Ex-Burberry CEO Angela Ahrendts takes over Apple retail just in time for its 13th-year anniversary May 19. Since launch the company's high street stores have become some of the most profitable shops on the planet.
Apple's critics as ever failed to grasp the original concept:
"I give them two years before they're turning out the lights on a very painful and expensive mistake," said David Goldstein, Channel Marketing president told Business Week.
"It's desperation time in Cupertino, Calif., as Apple is going into the retail store business to ensure that its products receive enough attention," said TheStreet.
Two years after Apple opened up, Gateway shut down its shops. Three years later CompUSA closed. Today around 50 percent of Macs sold at Apple retail go to those new to the platform, even while PC sales rapidly decline and the retail stores are among the most profitable in the world.
"It was very simple. The Mac faithful will drive to a destination, right? They’ll drive somewhere special just to do that. But people who own Windows --we want to convert them to Mac. They will not drive somewhere special. They don’t think they want a Mac. They will not take the risk of a 20-minute drive in case they don’t like it. But if we put our store in a mall or on a street that they’re walking by, and we reduce that risk from a 20-minute drive to 20 footsteps, then they’re more likely to go in because there’s really no risk. So we decided to put our stores in high-traffic locations. And it works," Steve Jobs told Fortune.
They aren't profitable because they force people to buy products, but because they aim to help people achieve what they need using Apple products. That simple recipe flies in the face of how the retail industry works, but it has driven the company to open stores in 15 countries, most recently in Brazil and Turkey.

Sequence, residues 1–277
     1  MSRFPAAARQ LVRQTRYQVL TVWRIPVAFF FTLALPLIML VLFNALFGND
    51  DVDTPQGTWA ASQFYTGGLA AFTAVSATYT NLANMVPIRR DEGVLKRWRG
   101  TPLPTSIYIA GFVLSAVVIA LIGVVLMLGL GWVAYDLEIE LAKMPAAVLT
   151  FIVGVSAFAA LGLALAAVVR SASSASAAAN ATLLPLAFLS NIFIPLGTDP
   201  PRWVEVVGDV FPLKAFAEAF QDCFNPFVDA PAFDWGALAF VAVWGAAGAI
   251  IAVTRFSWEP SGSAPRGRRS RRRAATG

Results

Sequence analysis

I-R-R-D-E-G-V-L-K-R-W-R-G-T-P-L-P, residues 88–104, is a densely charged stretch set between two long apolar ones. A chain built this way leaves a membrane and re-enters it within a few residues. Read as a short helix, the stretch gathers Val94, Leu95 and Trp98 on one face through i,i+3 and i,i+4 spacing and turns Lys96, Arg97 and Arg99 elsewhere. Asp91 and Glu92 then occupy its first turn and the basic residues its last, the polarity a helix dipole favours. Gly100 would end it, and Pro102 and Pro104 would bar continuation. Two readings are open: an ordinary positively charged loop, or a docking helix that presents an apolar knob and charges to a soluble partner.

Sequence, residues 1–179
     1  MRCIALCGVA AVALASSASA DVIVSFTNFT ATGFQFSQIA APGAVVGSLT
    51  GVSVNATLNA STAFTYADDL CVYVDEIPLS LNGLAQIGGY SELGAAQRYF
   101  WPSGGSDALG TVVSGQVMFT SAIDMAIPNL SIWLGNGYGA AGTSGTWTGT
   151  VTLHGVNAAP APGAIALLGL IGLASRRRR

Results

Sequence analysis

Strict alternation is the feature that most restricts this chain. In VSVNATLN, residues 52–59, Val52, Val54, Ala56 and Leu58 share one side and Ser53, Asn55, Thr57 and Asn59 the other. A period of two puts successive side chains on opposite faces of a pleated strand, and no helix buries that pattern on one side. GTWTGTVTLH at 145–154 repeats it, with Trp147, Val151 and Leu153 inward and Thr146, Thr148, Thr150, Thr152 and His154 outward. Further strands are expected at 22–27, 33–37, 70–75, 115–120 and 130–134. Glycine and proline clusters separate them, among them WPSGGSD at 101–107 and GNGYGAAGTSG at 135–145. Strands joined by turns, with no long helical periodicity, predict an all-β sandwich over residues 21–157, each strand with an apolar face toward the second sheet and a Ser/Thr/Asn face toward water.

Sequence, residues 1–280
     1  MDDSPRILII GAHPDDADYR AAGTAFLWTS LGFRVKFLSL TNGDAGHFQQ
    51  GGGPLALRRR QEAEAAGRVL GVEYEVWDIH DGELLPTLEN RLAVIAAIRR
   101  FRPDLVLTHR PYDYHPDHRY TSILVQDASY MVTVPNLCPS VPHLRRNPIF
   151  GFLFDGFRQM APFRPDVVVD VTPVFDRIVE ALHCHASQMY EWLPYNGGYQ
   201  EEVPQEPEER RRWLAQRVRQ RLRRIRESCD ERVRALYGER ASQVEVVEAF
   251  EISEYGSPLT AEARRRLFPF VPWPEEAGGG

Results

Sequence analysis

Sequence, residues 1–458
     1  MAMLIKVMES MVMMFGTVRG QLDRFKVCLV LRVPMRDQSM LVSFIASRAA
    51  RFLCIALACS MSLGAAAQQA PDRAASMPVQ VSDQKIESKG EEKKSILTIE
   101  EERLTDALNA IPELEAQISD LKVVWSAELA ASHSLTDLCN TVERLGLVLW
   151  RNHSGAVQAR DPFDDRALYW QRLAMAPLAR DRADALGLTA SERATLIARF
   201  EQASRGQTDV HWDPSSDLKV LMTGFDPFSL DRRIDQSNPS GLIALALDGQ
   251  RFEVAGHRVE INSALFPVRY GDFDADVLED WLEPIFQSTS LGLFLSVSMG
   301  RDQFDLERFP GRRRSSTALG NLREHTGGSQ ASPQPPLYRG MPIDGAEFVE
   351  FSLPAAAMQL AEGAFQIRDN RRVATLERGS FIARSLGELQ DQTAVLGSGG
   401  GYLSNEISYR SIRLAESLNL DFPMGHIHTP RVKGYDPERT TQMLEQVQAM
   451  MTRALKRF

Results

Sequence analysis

"What Apple is doing contradicts the norms in the retail industry: continuous store openings, a revolutionized approach to customer service, and even store layout. Big changes are ahead too, with a new SVP at its helm and growing presence in emerging markets," notes Retale's Kathryn Vargas. (Retale has published a map that shows the US growth of the chain).
That's not to say Ahrendts has an easy task ahead of her as she takes the helm. Apple's retail store income hit $5.227 billion in Q2 14, down 25 percent on the traditionally super-strong first quarter but flat on a year-on-year basis.
Former retail chief, John Browett, left in October 2012. In the absence of a leader Apple's retail growth has slowed. While the number of stores hit 422, revenue per store declined to $12.4 million in the last quarter from $13.1 million in Q2 2013. It seems plain the chain needs the kind of focus the ex-Burberry CEO may bring.
Ahrendts will place particular stress on driving Apple's international expansion of its store chain -- not just for sales in new territories but to drive the brand:
"Ahrendts recognized early that the nearly 100 million Chinese tourists who travel abroad each year are boosting sales in all 25 of Burberry's flagship stores, and Chinese shoppers in Burberry stores outside China spend, on average, 10 times what they spend back home," says FastCompany.
What's also clear as Apple puts together the pieces for its Next Big Thing is that with Ahrendts at the helm its retail stores will become the place to go if you want to take a look at its next foundational product releases.
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